QTIP trusts and blended families

People who want to create or review their estate plan will always want to do so with an eye on their current situation and any changes that may have taken place or that may be on the horizon. These changes may pertain to their assets or debts, such as the purchase of a new asset or a dramatic change in value of another asset. Other changes may involve the birth or death of a beneficiary. A new marriage is another event that requires careful assessment when it comes to an estate plan.

As explained by Forbes, when a person gets married for the second or subsequent time and they bring children from a prior relationship into their new marriage, they should be clearly aware of the different lens through which their new spouse and their biological children will view their rights to an inheritance.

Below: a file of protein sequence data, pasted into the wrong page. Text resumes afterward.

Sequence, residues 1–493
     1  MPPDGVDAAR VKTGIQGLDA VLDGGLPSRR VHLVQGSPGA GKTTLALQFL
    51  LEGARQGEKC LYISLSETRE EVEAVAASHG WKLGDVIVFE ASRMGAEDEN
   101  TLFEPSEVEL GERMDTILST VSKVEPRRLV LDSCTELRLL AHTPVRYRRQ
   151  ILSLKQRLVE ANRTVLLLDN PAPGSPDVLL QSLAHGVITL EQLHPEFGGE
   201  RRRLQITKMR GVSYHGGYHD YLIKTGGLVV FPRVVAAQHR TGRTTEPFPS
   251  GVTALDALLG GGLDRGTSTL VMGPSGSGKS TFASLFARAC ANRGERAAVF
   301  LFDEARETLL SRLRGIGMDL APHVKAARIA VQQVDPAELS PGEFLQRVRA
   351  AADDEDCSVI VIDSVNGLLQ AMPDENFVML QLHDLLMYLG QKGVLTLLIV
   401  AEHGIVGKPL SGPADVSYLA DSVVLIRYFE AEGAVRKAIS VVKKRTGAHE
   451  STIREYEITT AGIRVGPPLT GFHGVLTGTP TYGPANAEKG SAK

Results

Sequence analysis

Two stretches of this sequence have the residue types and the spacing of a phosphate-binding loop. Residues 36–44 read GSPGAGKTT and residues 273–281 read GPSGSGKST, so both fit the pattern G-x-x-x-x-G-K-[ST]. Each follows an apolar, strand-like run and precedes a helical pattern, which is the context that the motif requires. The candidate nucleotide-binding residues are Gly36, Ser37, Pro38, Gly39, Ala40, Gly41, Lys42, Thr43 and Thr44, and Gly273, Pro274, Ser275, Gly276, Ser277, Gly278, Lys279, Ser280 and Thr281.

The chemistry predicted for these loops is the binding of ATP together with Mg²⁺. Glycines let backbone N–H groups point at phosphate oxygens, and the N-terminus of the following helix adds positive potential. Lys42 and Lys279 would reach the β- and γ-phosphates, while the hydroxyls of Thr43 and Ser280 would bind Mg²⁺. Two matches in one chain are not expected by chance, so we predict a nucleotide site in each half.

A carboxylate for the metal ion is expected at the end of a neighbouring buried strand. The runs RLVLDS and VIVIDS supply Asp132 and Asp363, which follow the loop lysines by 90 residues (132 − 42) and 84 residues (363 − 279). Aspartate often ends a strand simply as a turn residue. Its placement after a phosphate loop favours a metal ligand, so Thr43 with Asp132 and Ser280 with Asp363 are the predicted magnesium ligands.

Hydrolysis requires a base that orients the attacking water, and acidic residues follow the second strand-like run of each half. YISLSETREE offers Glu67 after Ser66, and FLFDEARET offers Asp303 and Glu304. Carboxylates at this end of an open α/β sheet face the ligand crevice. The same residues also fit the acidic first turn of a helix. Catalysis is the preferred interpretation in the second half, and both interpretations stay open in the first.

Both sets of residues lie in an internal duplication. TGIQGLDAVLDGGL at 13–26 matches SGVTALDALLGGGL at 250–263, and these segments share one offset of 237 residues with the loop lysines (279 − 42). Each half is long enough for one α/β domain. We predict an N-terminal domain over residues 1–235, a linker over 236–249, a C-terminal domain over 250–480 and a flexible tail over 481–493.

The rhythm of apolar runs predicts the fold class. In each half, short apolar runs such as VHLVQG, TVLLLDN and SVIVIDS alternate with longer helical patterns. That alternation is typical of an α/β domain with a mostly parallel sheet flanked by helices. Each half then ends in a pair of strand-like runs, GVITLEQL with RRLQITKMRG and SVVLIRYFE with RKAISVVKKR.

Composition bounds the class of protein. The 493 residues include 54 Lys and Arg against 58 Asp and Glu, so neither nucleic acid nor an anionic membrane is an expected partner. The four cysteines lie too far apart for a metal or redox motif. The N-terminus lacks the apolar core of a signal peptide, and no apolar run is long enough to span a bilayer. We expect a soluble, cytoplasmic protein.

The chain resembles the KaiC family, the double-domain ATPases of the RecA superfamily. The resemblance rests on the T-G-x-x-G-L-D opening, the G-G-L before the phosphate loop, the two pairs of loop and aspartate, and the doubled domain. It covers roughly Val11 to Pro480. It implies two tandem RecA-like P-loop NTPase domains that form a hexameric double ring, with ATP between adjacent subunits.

If a person dies with no will or trust in place, a surviving spouse may inherit assets according to state law. That spouse, however, is not obligated to share or pass on any assets to their deceased spouse’s children. Similarly, if a person’s will grants an inheritance to a spouse and the spouses agreed that assets would eventually flow to the first person’s children, the surviving spouse is still not legally obligated to do this.

Policy Genius notes that a qualified terminable interest property trust, also called a QTIP trust, may well help people in this situation. This type of trust sets up the surviving spouse as a lifetime beneficiary, so they receive income from the trust assets. The children would be named the remainder beneficiaries, so they receive all trust assets upon the death of the surviving spouse.